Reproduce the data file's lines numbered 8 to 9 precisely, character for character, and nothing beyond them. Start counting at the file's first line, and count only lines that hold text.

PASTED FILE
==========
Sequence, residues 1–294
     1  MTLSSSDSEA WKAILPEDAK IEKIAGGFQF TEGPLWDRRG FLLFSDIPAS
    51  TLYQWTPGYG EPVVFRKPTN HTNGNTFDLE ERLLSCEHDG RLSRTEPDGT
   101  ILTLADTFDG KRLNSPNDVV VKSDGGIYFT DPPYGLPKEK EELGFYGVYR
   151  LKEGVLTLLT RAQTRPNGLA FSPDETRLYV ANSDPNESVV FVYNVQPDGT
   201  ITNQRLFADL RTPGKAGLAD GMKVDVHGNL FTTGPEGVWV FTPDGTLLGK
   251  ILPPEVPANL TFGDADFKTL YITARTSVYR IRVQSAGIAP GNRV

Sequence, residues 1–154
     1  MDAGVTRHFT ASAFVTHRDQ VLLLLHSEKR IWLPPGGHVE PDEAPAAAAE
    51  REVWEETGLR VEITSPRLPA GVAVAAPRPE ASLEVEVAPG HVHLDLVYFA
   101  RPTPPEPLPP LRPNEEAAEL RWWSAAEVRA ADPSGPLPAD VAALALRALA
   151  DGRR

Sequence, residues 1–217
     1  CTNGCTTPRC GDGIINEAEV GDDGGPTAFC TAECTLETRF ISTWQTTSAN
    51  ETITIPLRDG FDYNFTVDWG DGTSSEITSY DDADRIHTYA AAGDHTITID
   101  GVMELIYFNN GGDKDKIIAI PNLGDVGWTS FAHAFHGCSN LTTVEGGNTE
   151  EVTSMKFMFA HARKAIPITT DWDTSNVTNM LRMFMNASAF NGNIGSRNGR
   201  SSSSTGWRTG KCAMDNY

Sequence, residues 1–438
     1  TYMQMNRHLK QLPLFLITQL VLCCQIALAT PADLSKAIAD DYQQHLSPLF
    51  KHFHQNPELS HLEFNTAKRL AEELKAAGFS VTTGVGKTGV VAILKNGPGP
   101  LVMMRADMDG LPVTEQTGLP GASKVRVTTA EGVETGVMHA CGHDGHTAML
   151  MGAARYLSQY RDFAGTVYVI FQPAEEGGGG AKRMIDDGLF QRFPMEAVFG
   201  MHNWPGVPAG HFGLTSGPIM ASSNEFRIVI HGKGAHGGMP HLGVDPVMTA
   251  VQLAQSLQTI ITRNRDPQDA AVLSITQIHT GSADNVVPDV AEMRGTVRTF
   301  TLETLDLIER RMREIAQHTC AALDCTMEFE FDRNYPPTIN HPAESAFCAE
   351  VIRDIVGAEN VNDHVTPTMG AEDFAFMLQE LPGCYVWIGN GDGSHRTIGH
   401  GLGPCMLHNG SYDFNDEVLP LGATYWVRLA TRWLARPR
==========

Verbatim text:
Sequence, residues 1–154
     1  MDAGVTRHFT ASAFVTHRDQ VLLLLHSEKR IWLPPGGHVE PDEAPAAAAE